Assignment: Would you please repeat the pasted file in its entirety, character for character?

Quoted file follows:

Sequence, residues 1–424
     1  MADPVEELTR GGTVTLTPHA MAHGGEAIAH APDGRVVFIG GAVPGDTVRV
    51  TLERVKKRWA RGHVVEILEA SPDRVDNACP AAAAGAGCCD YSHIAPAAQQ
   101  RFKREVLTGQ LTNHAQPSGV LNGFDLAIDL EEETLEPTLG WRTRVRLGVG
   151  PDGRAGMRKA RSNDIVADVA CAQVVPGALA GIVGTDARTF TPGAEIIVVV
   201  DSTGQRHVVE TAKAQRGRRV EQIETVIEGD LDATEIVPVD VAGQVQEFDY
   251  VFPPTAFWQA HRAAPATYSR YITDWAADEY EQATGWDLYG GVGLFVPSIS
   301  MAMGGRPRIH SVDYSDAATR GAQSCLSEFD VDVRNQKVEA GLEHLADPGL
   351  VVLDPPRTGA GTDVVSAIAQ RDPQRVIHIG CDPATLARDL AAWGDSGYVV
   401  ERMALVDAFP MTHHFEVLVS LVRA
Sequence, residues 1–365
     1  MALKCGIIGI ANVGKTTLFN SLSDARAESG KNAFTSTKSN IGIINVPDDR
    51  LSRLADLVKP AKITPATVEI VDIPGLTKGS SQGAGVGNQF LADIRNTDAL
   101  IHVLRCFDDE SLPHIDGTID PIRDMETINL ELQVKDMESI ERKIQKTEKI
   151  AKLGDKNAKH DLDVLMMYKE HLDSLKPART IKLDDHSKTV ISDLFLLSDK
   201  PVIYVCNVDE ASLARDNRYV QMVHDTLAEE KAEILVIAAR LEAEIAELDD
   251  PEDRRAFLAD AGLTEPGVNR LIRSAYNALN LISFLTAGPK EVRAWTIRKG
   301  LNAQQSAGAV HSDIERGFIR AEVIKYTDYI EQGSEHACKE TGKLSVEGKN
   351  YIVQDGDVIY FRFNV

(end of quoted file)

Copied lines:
Sequence, residues 1–424
     1  MADPVEELTR GGTVTLTPHA MAHGGEAIAH APDGRVVFIG GAVPGDTVRV
    51  TLERVKKRWA RGHVVEILEA SPDRVDNACP AAAAGAGCCD YSHIAPAAQQ
   101  RFKREVLTGQ LTNHAQPSGV LNGFDLAIDL EEETLEPTLG WRTRVRLGVG
   151  PDGRAGMRKA RSNDIVADVA CAQVVPGALA GIVGTDARTF TPGAEIIVVV
   201  DSTGQRHVVE TAKAQRGRRV EQIETVIEGD LDATEIVPVD VAGQVQEFDY
   251  VFPPTAFWQA HRAAPATYSR YITDWAADEY EQATGWDLYG GVGLFVPSIS
   301  MAMGGRPRIH SVDYSDAATR GAQSCLSEFD VDVRNQKVEA GLEHLADPGL
   351  VVLDPPRTGA GTDVVSAIAQ RDPQRVIHIG CDPATLARDL AAWGDSGYVV
   401  ERMALVDAFP MTHHFEVLVS LVRA
Sequence, residues 1–365
     1  MALKCGIIGI ANVGKTTLFN SLSDARAESG KNAFTSTKSN IGIINVPDDR
    51  LSRLADLVKP AKITPATVEI VDIPGLTKGS SQGAGVGNQF LADIRNTDAL
   101  IHVLRCFDDE SLPHIDGTID PIRDMETINL ELQVKDMESI ERKIQKTEKI
   151  AKLGDKNAKH DLDVLMMYKE HLDSLKPART IKLDDHSKTV ISDLFLLSDK
   201  PVIYVCNVDE ASLARDNRYV QMVHDTLAEE KAEILVIAAR LEAEIAELDD
   251  PEDRRAFLAD AGLTEPGVNR LIRSAYNALN LISFLTAGPK EVRAWTIRKG
   301  LNAQQSAGAV HSDIERGFIR AEVIKYTDYI EQGSEHACKE TGKLSVEGKN
   351  YIVQDGDVIY FRFNV